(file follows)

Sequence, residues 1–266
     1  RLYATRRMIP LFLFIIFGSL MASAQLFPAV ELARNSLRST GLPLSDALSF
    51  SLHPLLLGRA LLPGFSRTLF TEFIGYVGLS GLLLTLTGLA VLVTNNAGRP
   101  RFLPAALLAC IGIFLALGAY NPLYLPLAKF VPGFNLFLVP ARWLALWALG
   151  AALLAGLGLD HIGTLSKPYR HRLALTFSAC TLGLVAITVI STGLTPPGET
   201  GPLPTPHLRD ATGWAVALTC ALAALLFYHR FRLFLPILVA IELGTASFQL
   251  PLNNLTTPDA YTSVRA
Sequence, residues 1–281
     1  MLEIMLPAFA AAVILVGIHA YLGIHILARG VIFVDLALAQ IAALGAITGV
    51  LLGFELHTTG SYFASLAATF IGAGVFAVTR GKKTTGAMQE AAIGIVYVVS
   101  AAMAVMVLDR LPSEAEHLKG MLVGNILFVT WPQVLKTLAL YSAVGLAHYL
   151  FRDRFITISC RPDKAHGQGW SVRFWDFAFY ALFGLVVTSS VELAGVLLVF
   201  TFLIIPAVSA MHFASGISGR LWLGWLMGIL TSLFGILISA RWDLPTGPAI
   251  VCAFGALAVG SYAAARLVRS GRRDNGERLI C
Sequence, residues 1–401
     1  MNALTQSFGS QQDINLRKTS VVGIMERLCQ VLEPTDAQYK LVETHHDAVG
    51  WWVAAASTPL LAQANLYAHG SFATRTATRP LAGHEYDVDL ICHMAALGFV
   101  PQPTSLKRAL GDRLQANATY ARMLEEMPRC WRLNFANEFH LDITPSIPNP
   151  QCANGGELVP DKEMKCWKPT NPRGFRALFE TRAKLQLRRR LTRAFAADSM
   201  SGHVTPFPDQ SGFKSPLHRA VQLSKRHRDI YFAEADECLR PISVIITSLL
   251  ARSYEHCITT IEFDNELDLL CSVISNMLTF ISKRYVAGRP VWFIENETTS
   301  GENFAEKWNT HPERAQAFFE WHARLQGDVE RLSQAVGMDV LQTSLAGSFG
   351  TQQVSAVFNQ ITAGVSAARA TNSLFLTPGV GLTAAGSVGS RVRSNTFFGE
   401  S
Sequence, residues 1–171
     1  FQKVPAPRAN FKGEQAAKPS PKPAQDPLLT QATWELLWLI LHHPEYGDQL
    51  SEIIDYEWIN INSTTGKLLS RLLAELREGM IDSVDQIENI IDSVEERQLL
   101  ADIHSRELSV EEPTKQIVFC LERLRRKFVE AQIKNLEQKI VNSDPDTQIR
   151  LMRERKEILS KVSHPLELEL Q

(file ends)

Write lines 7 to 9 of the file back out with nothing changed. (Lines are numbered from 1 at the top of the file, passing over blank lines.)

   251  PLNNLTTPDA YTSVRA
Sequence, residues 1–281
     1  MLEIMLPAFA AAVILVGIHA YLGIHILARG VIFVDLALAQ IAALGAITGV